The Regional Response to Zika; CSPC Trustees Martinez & Rooney

The Regional Response to Zika

Mel Martinez & Francis Rooney

Click to read the piece on Real Clear Politics

The relationship between the United States and its closest neighbors is focused on economic and security matters. Concerns regarding health care rise to the top of the agenda only in times of crisis, and in those crises there are dangers as well as opportunities. So it is with the rapid proliferation of the Zika virus throughout the hemisphere. In helping to lead a region-wide response, U.S. policymakers can improve the capacity of our neighbors to respond to this and future outbreaks, and in so doing better protect the American public and improve U.S. relations with Latin America.

Recently classified as a global health emergency by the World Health Organization, the spread of the Zika virus has raised immediate concerns about the capacity of Latin American countries to respond to such a health care emergency. It has also cast a pall over tourism to the region—especially with the 2016 Rio Summer Olympics approaching. While mosquito-borne illness is not a novel threat in the region, the rise and spread of a new illness demonstrates that increased interconnectedness in the hemisphere comes with both benefits and negative consequences.

Moving forward, policy makers and health care experts need a better understanding of the virus in order to develop vaccines. They also need to make long-term treatments available to those affected. As more is being discovered about Zika and its health effects, major concerns have been raised by the virus’s link to microcephaly, which can cause brain damage in infants. Links have also been shown to Guillain-Barré syndrome, which can cause nervous system failure, including paralysis. For the nations affected by Zika, there is thus a need both for preventative measures, and for the development of civil paralysis. For the nations affected by Zika, there is thus a need both for preventative measures, and for the development of civil institutions capable of addressing the long-term effects of the virus.

In many countries, the poorest populations—often in indigenous areas— have endured the brunt of this outbreak. These groups have traditionally not benefitted from economic development and investment in more affluent areas, and they are especially vulnerable now because of the scarcity of adequate health care in the areas where they live. Populist policies embraced by too many governments have proven tempting in the short term, but they have not addressed the long term divide in economic opportunity that must be closed to reduce the vulnerability of these populations.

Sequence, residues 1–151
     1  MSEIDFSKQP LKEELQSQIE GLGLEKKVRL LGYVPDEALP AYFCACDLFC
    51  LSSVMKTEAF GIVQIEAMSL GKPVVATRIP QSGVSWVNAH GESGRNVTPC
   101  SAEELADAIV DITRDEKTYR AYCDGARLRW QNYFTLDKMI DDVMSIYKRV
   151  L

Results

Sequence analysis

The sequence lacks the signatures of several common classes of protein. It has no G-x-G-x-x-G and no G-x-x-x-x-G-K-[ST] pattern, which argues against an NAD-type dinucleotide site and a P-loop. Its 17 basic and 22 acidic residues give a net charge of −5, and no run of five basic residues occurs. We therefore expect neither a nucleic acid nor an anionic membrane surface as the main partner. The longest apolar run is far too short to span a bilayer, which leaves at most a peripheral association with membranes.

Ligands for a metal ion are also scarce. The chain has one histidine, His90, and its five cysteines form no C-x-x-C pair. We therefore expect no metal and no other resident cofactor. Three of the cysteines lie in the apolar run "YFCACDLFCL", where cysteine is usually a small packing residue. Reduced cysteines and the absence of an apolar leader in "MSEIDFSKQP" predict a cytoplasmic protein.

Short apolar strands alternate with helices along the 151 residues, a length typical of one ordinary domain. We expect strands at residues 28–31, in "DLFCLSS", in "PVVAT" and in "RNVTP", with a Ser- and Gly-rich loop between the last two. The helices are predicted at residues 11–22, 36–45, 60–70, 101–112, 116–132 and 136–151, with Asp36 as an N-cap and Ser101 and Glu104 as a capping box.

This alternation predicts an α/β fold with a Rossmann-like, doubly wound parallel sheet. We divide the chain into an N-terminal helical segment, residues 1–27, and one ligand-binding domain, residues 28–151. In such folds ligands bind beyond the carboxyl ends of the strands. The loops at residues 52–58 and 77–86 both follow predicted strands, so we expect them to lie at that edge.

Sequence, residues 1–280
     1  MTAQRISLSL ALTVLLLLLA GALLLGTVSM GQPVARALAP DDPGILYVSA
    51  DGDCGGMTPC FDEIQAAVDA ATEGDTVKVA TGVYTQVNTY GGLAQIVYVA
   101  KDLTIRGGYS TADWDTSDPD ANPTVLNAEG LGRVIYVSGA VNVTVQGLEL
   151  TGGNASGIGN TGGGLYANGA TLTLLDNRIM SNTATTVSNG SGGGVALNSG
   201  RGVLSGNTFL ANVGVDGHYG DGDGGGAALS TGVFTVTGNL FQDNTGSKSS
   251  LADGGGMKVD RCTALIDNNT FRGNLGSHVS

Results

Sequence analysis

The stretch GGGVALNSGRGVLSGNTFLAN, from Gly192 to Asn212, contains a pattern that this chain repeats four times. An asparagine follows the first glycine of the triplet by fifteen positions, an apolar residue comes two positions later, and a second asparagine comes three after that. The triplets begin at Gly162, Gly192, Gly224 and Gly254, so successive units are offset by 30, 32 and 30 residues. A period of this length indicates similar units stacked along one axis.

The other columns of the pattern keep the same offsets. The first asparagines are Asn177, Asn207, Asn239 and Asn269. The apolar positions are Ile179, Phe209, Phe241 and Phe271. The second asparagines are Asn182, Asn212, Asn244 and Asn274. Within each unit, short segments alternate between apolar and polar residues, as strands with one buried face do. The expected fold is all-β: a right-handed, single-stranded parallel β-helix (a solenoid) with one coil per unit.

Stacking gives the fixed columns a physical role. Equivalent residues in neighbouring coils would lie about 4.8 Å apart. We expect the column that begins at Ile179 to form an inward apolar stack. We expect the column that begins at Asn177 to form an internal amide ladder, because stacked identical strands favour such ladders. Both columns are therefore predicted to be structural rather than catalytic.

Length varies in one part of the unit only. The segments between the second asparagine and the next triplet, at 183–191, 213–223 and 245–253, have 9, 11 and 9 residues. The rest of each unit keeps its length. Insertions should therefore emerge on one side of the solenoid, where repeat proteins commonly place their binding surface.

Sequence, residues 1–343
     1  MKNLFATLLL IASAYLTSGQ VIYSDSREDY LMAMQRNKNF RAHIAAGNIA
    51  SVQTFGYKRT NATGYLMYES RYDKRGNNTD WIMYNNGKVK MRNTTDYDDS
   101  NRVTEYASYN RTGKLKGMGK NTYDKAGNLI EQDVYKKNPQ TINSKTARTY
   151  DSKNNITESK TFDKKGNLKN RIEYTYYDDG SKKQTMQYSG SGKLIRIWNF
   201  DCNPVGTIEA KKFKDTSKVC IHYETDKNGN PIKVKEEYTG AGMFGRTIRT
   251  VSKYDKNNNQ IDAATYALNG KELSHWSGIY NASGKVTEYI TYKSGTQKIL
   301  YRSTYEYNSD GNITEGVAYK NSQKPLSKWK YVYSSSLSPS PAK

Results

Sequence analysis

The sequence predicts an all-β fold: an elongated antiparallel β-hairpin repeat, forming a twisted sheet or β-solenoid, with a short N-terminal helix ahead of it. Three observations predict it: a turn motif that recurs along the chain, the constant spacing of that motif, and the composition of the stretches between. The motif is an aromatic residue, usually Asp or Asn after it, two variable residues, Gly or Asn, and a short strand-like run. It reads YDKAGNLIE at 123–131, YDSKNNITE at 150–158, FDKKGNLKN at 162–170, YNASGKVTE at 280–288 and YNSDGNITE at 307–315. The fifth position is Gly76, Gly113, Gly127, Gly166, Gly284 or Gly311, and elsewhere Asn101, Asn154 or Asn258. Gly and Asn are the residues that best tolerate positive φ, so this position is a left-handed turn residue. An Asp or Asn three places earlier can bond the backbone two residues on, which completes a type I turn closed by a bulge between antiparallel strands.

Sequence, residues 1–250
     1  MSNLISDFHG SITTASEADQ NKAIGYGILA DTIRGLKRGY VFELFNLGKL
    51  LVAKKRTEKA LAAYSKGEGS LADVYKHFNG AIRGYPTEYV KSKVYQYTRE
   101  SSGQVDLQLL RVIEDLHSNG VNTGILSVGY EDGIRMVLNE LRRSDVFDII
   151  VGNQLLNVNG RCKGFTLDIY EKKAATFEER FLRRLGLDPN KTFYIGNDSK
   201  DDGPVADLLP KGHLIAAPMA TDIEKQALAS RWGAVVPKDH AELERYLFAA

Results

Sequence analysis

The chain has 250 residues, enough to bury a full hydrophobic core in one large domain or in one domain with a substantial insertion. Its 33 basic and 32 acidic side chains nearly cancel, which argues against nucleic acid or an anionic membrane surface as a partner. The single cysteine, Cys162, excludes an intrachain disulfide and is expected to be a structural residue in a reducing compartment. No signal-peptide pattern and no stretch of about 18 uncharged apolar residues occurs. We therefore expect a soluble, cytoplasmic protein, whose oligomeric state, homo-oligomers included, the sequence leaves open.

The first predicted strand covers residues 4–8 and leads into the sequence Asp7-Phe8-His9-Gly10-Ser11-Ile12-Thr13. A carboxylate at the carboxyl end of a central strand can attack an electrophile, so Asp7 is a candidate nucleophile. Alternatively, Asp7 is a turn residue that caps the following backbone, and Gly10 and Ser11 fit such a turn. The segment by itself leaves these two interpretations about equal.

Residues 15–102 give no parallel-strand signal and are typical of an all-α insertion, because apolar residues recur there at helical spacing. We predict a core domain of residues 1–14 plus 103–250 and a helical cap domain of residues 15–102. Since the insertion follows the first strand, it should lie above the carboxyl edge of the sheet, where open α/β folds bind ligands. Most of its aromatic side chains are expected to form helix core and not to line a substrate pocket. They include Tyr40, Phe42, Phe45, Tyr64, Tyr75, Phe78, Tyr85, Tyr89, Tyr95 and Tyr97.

For growing Latin American middle classes, the struggles of their governments in responding to this health care crisis also demonstrates the need for improvements in “human” infrastructure—health care, education, and social care—alongside improvements to physical infrastructure. Too often in the region these vital social services have been coopted by cronyism, populism, and corruption. The Zika outbreak is thus a wake-up call, demonstrating the need for comprehensive health care systems that cover mosquito eradication, assistance to the ill, long-term care for those affected, and the development of infrastructure to address potential future health crises.

A virus has the ability to transcend social, political, and economic divisions. Its ability to cross borders demonstrates the need for cooperation between all of the countries in the Western Hemisphere. Existing institutions such as the Pan American Health Organization are at the forefront of such an effort, but models applied to other crises—such as the Plan Colombia model for counternarcotics and stabilitization operations—provide a blueprint for working with partner nations to provide both economic support and shared expertise.

Lessons from beyond the Americas are also applicable. President Obama should look to the legacy of President George W. Bush and the President’s Emergency Plan for AIDS Relief—more commonly known as PEPFAR. Just as this marked a revolutionary commitment to fighting HIV/AIDS in Africa by the United States, a similar program targeting mosquito-borne disease in the Americas could provide the long-term approach to address not only the current Zika outbreak, but also Malaria, Yellow Fever, Dengue, Chikungunya, and other diseases that plague the region.

The Zika virus struck at a time when many nations in Latin America were looking towards new opportunities for economic growth and increased political stability. Cooperation will be key to mitigating the impact of this outbreak, and the effort to coordinate such a response can lay a foundation that will make all of the nations involved stronger, not weaker.

Senator Mel Martinez is a retired U.S. Senator from the State of Florida. Ambassador Francis Rooney is CEO of Rooney Holdings, Inc. and a member of the Board of Advisors to the Panama Canal Authority. Both are Trustees of the Center for the Study of the Presidency & Congress in Washington, D.C.